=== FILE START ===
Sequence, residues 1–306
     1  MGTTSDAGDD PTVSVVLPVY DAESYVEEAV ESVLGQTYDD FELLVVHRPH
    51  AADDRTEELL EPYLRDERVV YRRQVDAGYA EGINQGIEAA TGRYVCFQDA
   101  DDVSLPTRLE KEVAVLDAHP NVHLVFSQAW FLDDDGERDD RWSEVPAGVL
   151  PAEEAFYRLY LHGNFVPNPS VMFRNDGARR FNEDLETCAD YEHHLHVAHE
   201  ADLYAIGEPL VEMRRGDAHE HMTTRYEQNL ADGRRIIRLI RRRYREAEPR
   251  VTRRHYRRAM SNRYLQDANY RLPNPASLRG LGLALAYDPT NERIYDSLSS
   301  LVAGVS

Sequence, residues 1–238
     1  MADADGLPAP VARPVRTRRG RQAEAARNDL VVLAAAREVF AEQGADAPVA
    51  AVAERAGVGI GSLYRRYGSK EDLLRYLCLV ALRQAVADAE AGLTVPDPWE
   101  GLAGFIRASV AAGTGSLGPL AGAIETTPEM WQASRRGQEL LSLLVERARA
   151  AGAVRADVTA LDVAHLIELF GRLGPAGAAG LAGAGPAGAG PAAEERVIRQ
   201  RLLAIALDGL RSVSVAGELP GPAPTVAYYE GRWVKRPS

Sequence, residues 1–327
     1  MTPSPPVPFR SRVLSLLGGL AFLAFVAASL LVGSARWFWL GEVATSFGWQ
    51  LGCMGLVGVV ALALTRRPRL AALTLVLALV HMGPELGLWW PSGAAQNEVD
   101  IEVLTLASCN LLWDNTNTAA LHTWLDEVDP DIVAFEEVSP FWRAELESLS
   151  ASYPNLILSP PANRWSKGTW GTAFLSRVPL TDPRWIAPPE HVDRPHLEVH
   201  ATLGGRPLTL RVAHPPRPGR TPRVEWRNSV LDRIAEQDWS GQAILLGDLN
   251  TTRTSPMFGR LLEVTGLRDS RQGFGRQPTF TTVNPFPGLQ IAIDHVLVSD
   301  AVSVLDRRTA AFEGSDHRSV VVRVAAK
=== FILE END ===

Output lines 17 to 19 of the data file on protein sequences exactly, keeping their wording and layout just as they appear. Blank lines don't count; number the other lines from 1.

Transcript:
    51  LGCMGLVGVV ALALTRRPRL AALTLVLALV HMGPELGLWW PSGAAQNEVD
   101  IEVLTLASCN LLWDNTNTAA LHTWLDEVDP DIVAFEEVSP FWRAELESLS
   151  ASYPNLILSP PANRWSKGTW GTAFLSRVPL TDPRWIAPPE HVDRPHLEVH